An apology and an explaination

Here’s an apology to all of those who have emailed special orders, been waiting for a package to ship from me, or even just a reply to an email sent in the past week. There have been a few downturns in the ever spinning world of kimono life here at Chez Kimono, and I’ve been doing my best to keep everything on the up and up.

As far as the explanation goes I can’t go into much detail at this time, but it involves a family illness and a relationship breakup. The illness isn’t mine, but the breakup is, and dealing with both has me doing my best to maintain some semblance of “normal life”, however unsuccessfully. Some days it works, some days it doesn’t.

On the bright side, I’m getting ready for the upcoming fashion show here in Bend, Oregon on July 17 and the one in Forest Grove on July 26 (details a few posts down). I’ve got a plan for the sashiko project I promised to start a while back, and a photo to prove it.

This is just a rough idea of how I might piece the fabrics. I haven’t cut anything yet, and all of these were just folded into triangles in a desperate attempt to come up with something decent to work with. I might go for a modified yabane (arrow) pattern, perhaps. The vintage boro quilt we’ve been using on the sofa is getting really ragged, so I’d like to replace it with something new. I figure I’ll have this quilt (no longer a tablecloth, but an actual quilt) done by the time it starts snowing again.

Well, it could happen.

Some thoughts on being green

A loved one recently sent me a link to an essay written by a weatherman who essentially states that global warming is a scam perpetrated by Al Gore. While I prefer to err on the side of caution and support the idea of global warming (I tell the older generation “get back to me in 50 years” to which they respond “I won’t be here” and I say “yes, but I will be”), I am also open to information from all sides of the equation. At this point, I promote the idea of conservation, regardless of whether global warming is an actual problem or not.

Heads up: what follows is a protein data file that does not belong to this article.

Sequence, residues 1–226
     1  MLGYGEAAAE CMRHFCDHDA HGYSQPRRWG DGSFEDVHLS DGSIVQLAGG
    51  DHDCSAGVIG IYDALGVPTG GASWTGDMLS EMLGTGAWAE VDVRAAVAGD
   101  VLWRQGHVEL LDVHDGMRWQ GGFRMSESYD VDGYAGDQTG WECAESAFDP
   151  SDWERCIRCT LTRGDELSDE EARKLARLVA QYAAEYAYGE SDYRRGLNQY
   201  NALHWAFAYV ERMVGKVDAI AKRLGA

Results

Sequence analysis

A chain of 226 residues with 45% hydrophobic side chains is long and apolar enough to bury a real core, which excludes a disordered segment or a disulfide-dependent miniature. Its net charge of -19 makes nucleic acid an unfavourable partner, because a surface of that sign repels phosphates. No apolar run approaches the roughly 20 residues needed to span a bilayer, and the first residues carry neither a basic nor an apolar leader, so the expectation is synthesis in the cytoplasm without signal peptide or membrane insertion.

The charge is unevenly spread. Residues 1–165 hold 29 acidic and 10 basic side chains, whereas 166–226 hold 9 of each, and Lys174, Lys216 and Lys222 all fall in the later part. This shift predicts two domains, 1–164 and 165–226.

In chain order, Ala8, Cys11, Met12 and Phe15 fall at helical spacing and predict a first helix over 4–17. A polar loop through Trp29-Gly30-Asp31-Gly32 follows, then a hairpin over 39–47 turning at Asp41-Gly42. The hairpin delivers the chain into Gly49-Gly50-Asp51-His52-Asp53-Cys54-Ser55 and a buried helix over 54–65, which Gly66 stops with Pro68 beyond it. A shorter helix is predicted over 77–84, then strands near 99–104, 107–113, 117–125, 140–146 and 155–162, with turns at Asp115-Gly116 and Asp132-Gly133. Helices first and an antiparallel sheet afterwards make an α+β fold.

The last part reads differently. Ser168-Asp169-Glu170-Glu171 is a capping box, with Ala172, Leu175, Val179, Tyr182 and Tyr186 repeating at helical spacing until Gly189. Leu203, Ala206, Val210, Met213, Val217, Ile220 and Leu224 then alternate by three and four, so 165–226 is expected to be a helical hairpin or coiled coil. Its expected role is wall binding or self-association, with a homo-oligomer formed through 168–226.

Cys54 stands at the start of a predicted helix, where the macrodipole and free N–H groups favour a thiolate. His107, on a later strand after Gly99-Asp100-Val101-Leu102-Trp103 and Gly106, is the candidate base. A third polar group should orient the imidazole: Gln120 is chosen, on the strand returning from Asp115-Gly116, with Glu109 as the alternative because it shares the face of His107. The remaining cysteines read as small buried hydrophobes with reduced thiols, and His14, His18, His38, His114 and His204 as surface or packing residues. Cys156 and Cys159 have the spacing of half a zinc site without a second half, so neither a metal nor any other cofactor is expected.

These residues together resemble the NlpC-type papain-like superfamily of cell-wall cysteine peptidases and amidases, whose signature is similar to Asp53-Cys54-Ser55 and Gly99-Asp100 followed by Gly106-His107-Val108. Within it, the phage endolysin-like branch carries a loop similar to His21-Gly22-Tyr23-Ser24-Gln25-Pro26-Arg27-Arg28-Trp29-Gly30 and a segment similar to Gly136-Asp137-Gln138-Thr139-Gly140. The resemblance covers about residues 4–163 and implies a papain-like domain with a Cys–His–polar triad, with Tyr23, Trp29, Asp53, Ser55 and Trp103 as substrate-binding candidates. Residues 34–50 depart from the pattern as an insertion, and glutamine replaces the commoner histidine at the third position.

My maternal grandparents met on a Sierra Club hike back in the 1920’s, I was raised in the San Francisco Bay Area and I spent several years living in Berkeley, CA, so the idea of conservationism, radicalism, and generally speaking out about personal beliefs is hardly new to me. On the contrary… I’ve had plenty people tell me to shut up since I was a little kid.

Last year I started attending locally hosted Green Drinks events. What I find difficult about networking with other green businesses, especially at these events, is that so many of them are construction-based industries. I know there are many, many vintage clothing sellers like myself out there, but how many of them consider themselves “green” businesses? I know I certainly do.